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6 - Rising Economic Nationalism in Indonesia

Published online by Cambridge University Press:  16 May 2019

Arianto A. Patunru
Affiliation:
Fellow in the Indonesia Project, Arndt-Corden Department of Economics, Crawford School of Public Policy, ANU College of Asia and the Pacific, Australian National University, Canberra.
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Summary

“It would be wrong to see nationalism as either an unmitigated evil or a universal virtue. It can be both, a boon and a curse.”

Amartya Sen (2008)

“Protectionism breeds monopoly, crony capitalism and sloth. It does not achieve a happy and serene egalitarian society.”

Paul A. Samuelson (2005)

BACKGROUND

The world is gradually recovering from the 2008–09 Global Financial Crisis. In 2017, for example, economic growth climbed back to 3 per cent. During this transition phase, however, the role of trade has been much smaller — thanks to the maturation of global value chains, the shift to robotization and the services economy, fluctuation in commodity prices, as well as rising protectionism around the world.

At the same time, more than 3 billion people still have to struggle to live with US$2.50 or less per day. The richest 10 per cent of the global population owns more than 85 per cent of the global wealth. Even in countries where poverty has gone down, inequality is on the rise — prompting social tensions. These factors are often seen as the main cause of the re-emergence of anti-globalization sentiments and seem to have encouraged world leaders to adopt populist, inward-looking policies. Examples of consequent surprises coming from the voting booths include Duterte, Brexit, and Trump among others. Moreover, often by riding on the back of this disdain for globalization, those in power display increasingly authoritarian inclinations — such as Erdogan in Turkey, Putin in Russia, and Xi in China, to name a few.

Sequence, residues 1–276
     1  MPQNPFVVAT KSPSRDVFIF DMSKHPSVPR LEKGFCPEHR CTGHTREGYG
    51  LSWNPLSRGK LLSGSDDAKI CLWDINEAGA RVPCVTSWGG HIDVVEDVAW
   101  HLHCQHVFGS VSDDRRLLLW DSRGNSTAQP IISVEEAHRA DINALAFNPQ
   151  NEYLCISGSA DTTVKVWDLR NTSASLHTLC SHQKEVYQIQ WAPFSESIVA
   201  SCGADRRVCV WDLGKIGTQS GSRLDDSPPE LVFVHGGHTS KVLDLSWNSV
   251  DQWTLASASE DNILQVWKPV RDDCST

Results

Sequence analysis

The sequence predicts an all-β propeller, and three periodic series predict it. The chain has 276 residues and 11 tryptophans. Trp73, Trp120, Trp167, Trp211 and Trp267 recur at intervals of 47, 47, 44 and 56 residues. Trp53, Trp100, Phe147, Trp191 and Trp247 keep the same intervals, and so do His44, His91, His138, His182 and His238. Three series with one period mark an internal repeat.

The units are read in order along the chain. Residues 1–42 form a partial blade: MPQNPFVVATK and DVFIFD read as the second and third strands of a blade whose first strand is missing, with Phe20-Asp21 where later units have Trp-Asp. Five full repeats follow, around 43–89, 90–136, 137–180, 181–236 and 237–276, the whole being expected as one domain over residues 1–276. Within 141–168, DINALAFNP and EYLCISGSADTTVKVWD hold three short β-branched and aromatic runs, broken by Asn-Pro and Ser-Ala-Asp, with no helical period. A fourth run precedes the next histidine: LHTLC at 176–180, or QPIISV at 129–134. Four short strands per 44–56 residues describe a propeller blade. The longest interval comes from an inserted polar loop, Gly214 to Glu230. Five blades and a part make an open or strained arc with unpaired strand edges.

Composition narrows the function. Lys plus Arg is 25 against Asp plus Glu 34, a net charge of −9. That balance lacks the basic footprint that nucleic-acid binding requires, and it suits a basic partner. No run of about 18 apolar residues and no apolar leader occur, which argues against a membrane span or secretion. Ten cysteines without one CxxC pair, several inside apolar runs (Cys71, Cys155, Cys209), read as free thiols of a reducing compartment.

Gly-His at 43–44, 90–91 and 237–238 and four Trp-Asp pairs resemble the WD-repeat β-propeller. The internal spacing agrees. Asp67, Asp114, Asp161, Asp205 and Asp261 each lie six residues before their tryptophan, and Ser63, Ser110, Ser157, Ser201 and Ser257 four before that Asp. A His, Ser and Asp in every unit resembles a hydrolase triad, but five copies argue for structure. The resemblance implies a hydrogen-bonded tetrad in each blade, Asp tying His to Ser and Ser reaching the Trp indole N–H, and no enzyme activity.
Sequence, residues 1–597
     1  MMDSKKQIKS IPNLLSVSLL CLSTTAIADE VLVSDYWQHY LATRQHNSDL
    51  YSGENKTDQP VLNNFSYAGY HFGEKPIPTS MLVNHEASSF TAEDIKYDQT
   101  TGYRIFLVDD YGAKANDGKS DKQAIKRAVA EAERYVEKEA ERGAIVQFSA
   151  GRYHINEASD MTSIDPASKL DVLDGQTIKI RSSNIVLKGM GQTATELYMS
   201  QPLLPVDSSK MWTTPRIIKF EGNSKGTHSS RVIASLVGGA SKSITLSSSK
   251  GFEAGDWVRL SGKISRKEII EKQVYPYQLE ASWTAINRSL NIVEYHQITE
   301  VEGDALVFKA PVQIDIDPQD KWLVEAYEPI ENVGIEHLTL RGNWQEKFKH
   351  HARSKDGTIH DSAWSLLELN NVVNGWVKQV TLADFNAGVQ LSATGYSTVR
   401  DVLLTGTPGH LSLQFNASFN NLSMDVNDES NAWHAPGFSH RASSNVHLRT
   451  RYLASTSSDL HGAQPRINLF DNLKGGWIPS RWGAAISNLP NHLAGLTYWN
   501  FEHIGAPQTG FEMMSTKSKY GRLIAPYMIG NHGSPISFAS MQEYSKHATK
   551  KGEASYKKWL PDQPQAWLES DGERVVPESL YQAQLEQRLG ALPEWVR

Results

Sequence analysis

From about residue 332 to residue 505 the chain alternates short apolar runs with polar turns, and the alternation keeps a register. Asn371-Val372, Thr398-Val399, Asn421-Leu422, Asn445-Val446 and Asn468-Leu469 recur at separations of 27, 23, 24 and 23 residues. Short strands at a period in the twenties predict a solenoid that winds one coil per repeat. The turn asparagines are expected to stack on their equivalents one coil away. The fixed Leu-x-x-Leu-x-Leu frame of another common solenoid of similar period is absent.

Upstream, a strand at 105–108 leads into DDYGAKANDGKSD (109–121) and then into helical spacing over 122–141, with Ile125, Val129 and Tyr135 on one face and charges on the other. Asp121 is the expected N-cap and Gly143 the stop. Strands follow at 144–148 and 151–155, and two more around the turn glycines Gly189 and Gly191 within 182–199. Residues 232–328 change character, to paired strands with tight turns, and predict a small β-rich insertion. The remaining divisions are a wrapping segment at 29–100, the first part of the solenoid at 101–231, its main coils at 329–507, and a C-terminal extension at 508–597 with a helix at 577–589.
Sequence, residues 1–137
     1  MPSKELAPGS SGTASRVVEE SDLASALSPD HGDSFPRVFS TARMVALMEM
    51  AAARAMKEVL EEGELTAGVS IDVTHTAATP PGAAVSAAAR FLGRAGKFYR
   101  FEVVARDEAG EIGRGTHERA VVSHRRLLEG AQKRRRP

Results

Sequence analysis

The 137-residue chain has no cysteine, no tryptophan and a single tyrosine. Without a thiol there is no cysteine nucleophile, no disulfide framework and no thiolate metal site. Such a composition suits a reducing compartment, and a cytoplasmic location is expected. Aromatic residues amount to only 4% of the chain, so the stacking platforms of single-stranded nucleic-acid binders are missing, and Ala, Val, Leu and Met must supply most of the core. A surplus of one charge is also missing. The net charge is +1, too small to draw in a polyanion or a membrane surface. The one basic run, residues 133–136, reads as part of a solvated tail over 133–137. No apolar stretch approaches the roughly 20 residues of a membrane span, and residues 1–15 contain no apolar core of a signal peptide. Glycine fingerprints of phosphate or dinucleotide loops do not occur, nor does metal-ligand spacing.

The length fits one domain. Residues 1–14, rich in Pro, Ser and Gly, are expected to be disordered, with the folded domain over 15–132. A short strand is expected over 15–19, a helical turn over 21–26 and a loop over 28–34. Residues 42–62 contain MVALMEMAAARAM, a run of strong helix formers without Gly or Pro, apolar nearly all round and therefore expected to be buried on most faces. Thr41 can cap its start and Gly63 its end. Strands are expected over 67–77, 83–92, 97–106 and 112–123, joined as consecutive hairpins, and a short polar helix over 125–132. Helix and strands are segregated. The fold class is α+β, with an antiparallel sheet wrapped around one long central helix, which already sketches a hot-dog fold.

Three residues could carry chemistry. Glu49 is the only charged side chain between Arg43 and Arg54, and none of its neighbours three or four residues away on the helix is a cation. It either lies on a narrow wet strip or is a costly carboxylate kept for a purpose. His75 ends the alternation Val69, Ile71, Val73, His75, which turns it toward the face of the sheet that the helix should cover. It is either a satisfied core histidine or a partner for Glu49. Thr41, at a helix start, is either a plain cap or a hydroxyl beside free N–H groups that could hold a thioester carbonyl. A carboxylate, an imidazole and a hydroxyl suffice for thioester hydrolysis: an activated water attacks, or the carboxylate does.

Indonesia is no exception. In this country, dissatisfaction with globalization has manifested itself in rising protectionism, rejection of foreign interference, and expressions of distrust of democracy — sometimes with a New Order flavour. The disappointment, nevertheless, is not totally unfounded. As in the case elsewhere, globalization — and nationalism — can bring both good and bad results, “boon and curse”, as Amartya Sen put it. Trade creates winners and losers, and in the absence of (1) wellfunctioning compensation mechanisms and (2) free movement of labour across sectors, the gains may remain concentrated in the hands of a few. And corruption only worsens this situation.

Nationalism in the economic sphere takes the form of protectionism — protecting domestic industries from foreign competition. It usually reveals itself in policies aimed at self-sufficiency in a number of commodities, including those of which Indonesia is a natural net importer.

Type
Chapter
Information
The Indonesian Economy in Transition
Policy Challenges in the Jokowi Era and Beyond
, pp. 149 - 179
Publisher: ISEAS–Yusof Ishak Institute
Print publication year: 2019

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